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Concernedfuturedogface

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  • Content Count

    79
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  • Location
    Mid-west
  • Interests
    Vietnam era history, uniforms, and equipment
  1. I personally wouldn't know how to date a flack vest, but as I've never seen a reproductuon of the m1955. Also considering the second pattern was manufactured til the 1980s, it may be post-vietnam Sent from my SM-G960U1 using Tapatalk
  2. From what I can see, you appear to have the 3rd pattern of the m1955 vest. M1955 replaced the m1952A flak vest and was used mostly by the Marine Corps. Those two vest were the most common vests used by troops before the m69 flak vest. Hope this helps V/r CFD Sent from my SM-G960U1 using Tapatalk
  3. Awesome display! CFD Sent from my SM-G960U1 using Tapatalk
  4. You will have a pretty good degree of freedom in terms of gear. Mixtures of m56 and m67 web gear were common, and as far as uniforms go, the there are plenty of places that sell reproductions of the slant pocket jungle fatigues. I'm including the link for the vietnam gear website. Any item that US forces used or wore in vietnam are organized on there, its a fantastic resource http://www.vietnamgear.com Sent from my SM-G960U1 using Tapatalk
  5. What year will it take place? I will tell you the later the year, the more freedom of gear you will be able to use, and the easier locating said gear will be Sent from my SM-G960U1 using Tapatalk
  6. Good way of identifying a genuine Vietnam era jungle boot is the "buttcrack" on the heal and the date of production on the top inside edge of the canvas portion, you can also find the company that produced them on underneath the boot (for example the boots shown are 2nd pattern Rosearch-produced). CFD Sent from my SM-G960U1 using Tapatalk
  7. Looks like a pair of 3rd pattern waffle soled pair of jungle boots, these were issued in Vietnam around the mid point of the war, and were the first to incorporate the ankle support stitching in the canvas portion of the boot and a steel plate in the sole (spike protection). Not WWII but still a cool find! CFD Sent from my SM-G960U1 using Tapatalk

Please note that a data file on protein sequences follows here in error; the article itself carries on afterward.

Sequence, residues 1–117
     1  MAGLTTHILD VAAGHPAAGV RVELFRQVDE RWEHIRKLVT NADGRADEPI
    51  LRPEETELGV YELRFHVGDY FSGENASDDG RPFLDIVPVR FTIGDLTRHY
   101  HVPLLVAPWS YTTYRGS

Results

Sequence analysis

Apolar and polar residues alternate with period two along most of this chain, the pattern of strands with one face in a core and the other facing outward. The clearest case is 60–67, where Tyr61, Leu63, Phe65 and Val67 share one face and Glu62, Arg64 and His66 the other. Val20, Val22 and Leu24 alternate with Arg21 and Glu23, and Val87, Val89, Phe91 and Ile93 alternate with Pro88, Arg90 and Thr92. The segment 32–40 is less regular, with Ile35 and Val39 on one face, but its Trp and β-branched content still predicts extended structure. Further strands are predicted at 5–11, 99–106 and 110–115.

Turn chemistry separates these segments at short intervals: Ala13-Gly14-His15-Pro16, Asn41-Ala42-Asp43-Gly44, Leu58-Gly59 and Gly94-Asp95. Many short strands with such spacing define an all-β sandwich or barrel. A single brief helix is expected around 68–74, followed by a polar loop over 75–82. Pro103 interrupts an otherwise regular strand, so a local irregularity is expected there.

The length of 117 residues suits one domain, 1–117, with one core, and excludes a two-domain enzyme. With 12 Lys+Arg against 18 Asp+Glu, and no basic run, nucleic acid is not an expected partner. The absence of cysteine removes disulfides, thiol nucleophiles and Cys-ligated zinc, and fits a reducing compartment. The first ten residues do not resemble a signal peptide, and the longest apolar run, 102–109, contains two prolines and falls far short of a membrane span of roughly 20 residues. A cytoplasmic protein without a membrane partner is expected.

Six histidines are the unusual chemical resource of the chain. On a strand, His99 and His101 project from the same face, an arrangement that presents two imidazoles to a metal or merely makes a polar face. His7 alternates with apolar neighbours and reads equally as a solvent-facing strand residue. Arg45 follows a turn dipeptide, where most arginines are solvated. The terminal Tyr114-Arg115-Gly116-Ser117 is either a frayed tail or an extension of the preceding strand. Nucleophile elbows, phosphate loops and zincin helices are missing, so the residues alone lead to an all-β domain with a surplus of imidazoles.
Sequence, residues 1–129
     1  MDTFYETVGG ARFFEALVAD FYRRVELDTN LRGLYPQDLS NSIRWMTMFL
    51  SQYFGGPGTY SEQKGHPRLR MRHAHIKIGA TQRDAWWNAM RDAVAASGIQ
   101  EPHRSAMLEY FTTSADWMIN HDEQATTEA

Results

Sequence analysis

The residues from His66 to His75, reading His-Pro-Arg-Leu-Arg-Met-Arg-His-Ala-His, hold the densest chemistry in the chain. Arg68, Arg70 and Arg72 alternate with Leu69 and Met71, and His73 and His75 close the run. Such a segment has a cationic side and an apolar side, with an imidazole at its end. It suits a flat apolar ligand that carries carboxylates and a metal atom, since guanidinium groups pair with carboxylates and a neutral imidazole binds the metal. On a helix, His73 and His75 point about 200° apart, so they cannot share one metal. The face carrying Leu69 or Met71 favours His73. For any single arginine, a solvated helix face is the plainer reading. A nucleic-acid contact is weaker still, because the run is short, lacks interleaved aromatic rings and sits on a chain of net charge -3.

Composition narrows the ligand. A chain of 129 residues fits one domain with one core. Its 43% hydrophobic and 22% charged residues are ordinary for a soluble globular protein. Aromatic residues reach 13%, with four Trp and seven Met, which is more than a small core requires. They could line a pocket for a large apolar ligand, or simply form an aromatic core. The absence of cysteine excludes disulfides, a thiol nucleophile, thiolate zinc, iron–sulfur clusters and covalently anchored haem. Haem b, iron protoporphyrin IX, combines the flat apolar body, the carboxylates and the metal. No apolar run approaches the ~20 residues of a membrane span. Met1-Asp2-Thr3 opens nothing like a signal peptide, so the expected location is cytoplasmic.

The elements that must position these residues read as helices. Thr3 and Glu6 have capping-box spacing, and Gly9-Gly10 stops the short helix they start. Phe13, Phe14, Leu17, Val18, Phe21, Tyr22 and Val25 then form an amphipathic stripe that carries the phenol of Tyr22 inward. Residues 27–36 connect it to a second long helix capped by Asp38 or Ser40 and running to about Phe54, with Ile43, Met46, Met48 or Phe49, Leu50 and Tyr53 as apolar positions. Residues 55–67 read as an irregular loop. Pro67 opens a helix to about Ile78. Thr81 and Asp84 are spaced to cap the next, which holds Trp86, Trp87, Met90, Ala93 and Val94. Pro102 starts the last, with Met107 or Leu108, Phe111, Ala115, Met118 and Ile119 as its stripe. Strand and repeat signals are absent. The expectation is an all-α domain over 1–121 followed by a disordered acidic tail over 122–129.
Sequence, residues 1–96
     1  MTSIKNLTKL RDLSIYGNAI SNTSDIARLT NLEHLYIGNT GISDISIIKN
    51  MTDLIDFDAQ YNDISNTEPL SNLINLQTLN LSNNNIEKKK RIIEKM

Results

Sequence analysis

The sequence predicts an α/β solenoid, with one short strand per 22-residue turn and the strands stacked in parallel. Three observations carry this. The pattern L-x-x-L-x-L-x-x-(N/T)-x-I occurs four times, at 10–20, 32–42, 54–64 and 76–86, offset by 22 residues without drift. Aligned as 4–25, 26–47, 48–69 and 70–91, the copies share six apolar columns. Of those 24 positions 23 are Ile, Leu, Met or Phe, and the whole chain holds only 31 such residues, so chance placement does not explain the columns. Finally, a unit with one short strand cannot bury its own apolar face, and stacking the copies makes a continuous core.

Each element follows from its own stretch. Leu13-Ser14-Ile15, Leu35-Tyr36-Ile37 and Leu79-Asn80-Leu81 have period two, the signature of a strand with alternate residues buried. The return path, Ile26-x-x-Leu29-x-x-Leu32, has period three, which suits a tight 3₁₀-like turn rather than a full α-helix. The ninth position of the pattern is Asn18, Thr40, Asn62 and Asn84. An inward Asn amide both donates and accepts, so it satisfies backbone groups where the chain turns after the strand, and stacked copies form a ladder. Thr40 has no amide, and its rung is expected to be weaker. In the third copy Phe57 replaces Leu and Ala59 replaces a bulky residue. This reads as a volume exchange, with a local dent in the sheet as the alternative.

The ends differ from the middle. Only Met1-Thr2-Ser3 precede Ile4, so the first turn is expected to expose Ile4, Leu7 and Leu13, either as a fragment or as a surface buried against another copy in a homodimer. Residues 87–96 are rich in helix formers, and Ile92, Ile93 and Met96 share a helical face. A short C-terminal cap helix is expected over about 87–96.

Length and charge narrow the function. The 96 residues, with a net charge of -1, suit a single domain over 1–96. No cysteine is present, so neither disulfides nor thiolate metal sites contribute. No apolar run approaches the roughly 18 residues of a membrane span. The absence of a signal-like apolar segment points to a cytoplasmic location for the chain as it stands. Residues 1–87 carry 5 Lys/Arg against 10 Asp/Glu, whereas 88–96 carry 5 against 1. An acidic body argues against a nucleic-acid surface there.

8. I sincerely appreciate your input. Poncho liners are, by far, one of my favorite pieces of militaria, simply because in their short time (relatively speaking) in military use, they have captured so much personal history. No matter how old one is, if it is bought used, odds are its been a few places. I personally have two hand-me-downs of my father's that have seen Somalia and Iraq. I'm debating whether I want to restore this liner and get it re-felted and stitched, or if I want to leave it as the piece of history that it is! Much thanks CFD Sent from my SM-G960U1 using Tapatalk
  9. https://r.tapatalk.com/shareLink/topic?url=https://www.usmilitariaforum.com/forums/index.php?/topic/345721-od-green-poncho-liner/&share_tid=345721&share_fid=54704&share_type=t&link_source=app Sent from my SM-G960U1 using Tapatalk
  10. Awesome find! If anything I would get the sludge out of the cans and resin them from the bottom. This will prevent any more corrosion and make a great display item. Sent from my SM-G960U1 using Tapatalk
  11. Oh definitely! They stopped in 1975. Sent from my SM-G960U1 using Tapatalk
  12. Received my poncho liner the other day. Leaving the link to my original post below. It's in alright shape, but some yahoo pulled all the quilting stitching out of it so all the felt slowly balled up over time. The tag is gone but the stitching remains. Still perplexes me as to its place in the pattern scheme of early poncho liners. I have visually confirmed it is od, because I know some ERDL liners end up fading to the point of almost looking straight-up green. Its definitely not the first experimental pattern, as it has rounded edges and a center seam. Any thoughts? Concerns? Gripes? Comp
  13. Interesting, so is there an intermediate pattern between the experimental pattern and the spot camo pattern? For everyone's bidding pleasure there is another one up for auction link is below! https://www.ebay.com/itm/333674445375 Sent from my SM-G960U1 using Tapatalk
  14. Does anyone happen to know where one could by reproduced parachute camo material similar to silk if not a synthetic variant? I'm talking about the spot camo that the 1st pattern non-experimental poncho liners were made of Sent from my SM-G960U1 using Tapatalk
  15. Re-reviving the thread, one popped up a few months, and I tried my darnedest to get it. Sold for around 500! Sent from my SM-G960U1 using Tapatalk
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